It is key to avoid creating intents that duplicate each other or contain overlapping user questions; each user question should only be mapped to one intent.

Step 3: Organize related intents into categories

Well-organized intent categories make intents easier to find when creating new intents or modifying existing ones, and helps in avoiding duplicate intents.

 

Building Intents

Intents allow the user to interact with the bot through natural language (ie. typed input) instead of solely relying on buttons. Each intent represents one specific user goal and consists of a collection of "question variants", which tell the bot which user questions have the same meaning.

How intents work

After being trained with different examples of how intent can be worded, the bot gradually learns to identify and understand these intents on its own by processing user questions through its Natural Language Processing model. It then maps it to the most fitting intent and returns the response associated with this intent to the user.

Step 1: Name your intents

Keep the intent name descriptive, user-facing, and under 20 characters. Note that intent names will be displayed in the bot when used as 'suggested topics'.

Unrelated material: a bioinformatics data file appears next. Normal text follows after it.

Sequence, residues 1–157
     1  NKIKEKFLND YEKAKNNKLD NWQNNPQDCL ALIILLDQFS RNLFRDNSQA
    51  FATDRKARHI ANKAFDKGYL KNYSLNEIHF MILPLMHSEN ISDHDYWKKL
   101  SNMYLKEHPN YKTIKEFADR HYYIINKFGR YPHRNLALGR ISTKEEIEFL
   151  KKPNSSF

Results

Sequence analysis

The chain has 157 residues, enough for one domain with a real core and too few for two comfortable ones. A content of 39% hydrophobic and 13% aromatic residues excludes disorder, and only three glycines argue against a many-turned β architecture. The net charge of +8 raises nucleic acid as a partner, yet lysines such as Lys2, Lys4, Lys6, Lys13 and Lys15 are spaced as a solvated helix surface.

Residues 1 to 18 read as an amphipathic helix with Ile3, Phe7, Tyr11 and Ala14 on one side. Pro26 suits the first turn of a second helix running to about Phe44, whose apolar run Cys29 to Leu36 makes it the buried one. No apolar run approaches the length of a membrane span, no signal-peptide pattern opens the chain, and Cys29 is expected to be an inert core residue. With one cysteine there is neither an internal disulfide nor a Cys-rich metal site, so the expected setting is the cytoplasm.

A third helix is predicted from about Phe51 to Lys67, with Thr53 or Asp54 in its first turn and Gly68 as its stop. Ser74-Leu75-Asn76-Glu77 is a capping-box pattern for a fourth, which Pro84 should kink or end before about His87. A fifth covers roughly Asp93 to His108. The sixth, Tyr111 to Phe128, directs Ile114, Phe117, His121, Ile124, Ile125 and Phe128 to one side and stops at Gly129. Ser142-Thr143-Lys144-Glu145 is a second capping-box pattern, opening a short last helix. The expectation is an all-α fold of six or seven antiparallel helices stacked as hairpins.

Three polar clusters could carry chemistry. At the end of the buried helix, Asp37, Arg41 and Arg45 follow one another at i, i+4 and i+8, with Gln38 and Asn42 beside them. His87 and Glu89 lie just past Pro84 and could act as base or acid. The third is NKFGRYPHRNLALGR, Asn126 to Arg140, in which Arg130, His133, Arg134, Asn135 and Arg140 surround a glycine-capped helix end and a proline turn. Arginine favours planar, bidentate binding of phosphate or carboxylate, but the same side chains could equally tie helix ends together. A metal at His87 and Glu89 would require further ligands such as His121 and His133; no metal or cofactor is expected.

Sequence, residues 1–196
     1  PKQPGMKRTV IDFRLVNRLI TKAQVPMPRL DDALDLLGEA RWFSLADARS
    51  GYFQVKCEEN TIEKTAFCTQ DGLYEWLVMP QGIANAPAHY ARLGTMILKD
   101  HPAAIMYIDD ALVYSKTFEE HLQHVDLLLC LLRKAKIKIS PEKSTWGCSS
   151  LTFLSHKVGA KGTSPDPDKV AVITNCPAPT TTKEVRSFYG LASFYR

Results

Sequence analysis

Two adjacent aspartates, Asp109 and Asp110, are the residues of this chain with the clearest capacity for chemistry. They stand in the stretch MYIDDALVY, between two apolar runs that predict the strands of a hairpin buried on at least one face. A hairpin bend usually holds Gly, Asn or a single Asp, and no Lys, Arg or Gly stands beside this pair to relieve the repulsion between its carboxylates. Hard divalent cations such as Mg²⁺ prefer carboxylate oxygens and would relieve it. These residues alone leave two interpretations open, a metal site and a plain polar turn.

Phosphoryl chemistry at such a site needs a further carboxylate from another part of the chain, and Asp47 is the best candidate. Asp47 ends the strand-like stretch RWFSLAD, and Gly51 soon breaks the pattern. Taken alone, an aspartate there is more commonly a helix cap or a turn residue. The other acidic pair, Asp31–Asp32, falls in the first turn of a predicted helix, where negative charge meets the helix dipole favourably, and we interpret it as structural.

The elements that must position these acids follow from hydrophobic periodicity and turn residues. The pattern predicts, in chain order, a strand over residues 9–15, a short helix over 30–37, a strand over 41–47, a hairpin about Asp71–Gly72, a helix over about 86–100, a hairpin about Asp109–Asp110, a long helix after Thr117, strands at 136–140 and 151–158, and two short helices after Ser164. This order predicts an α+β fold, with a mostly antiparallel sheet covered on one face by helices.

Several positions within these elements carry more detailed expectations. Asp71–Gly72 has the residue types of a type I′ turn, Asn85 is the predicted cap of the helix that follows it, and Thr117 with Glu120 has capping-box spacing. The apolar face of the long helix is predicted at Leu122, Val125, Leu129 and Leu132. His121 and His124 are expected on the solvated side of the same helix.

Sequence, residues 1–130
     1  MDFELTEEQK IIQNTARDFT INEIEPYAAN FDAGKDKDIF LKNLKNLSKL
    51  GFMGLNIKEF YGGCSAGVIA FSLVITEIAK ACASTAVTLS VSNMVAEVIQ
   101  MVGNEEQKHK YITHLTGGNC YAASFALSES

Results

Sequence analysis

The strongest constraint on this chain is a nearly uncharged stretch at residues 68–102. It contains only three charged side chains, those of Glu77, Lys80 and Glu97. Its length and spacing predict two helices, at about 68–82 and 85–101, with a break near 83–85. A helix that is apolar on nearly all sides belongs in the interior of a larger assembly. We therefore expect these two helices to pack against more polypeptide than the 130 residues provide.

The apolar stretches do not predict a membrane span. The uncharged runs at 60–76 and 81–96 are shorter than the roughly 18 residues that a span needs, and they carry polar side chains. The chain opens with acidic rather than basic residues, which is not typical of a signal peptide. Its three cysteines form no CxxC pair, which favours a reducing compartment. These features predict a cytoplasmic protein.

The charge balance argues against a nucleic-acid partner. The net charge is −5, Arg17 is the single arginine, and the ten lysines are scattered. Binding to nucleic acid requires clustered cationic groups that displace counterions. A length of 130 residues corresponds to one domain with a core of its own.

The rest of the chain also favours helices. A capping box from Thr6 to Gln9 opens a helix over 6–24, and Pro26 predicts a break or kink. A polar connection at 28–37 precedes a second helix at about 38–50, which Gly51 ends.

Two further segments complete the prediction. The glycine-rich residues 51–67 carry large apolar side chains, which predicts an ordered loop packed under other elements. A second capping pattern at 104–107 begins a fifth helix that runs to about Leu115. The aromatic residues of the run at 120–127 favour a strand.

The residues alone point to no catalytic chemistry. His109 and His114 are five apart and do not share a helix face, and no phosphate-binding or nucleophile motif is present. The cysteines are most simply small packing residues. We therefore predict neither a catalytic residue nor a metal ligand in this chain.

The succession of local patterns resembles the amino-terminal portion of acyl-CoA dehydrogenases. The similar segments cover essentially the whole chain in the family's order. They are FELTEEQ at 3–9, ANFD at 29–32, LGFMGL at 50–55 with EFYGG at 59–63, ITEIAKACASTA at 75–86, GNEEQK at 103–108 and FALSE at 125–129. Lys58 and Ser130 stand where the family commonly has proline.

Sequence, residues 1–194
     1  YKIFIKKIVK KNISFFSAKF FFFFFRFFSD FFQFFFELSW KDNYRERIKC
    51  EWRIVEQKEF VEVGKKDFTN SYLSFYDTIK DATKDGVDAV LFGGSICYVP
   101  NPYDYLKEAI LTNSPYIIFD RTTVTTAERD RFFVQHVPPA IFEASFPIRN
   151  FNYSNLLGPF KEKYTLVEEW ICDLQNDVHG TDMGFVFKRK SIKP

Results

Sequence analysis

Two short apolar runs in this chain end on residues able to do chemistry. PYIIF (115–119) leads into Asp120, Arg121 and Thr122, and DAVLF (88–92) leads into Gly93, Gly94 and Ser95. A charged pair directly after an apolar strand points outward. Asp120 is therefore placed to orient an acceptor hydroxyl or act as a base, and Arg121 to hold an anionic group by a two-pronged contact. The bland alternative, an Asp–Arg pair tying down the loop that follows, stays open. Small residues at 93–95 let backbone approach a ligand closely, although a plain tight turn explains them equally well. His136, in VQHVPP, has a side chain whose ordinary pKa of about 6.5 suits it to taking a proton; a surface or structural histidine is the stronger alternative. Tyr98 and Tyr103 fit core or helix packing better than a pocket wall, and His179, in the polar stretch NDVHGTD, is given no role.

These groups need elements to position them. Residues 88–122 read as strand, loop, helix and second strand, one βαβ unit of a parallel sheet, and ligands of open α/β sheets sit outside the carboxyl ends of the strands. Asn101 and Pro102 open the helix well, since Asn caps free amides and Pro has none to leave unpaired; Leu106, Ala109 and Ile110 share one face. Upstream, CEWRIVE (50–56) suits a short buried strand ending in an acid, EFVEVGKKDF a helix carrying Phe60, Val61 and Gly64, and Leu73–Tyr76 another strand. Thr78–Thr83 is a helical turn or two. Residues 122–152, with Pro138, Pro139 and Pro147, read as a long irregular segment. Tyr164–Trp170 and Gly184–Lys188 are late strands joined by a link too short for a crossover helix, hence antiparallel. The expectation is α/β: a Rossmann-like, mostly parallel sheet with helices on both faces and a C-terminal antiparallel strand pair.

Step 2: Add question variants to each intent

Assign at least 10 question variants to each intent. You don't have to define every possible example, but the more examples you provide the better. Dialogflow's built-in machine learning model will automatically expand on your list with other similar utterances.

Tips

  • Make sure your question variants clearly map to the intent at hand and are not ambiguous. Otherwise, the bot will have a harder time distinguishing between similar intents and will face more confusion when trying to map a user question.
  • Eg. “Make a bill payment” should belong to a “Bill Payment” intent while “Make a payment” is too general and should not.
  • Put yourself in the users’ shoes and phrase the question variants in a way that bot users would.
  • Eg. The user is more likely to say “How to pay bill” than “Hello there, can you please tell me how I can make bill payments?” to a bot. Focus on entering questions like the former.
  • Vary the length by creating a long and a short version of every question you enter.
  • Eg. “Tell me where to change the password of my account?” vs “change password”
  • Create variations by switching up verb tenses, active/passive voice, singular/plural tenses, and keyword synonyms.

Step 3: Maintaining intents

Intent creation is an ongoing process. It is near impossible to predict all possible user questions and behavior, so once real-world users do interact with your bot, it will need to be continuously updated according to the feedback it receives.

User questions that did not match an intent or that were marked with a “thumbs down” by the user can be viewed in the Learning section. These user questions can then be mapped to an existing intent, added to a new intent, or deleted.

Mapping out User Flows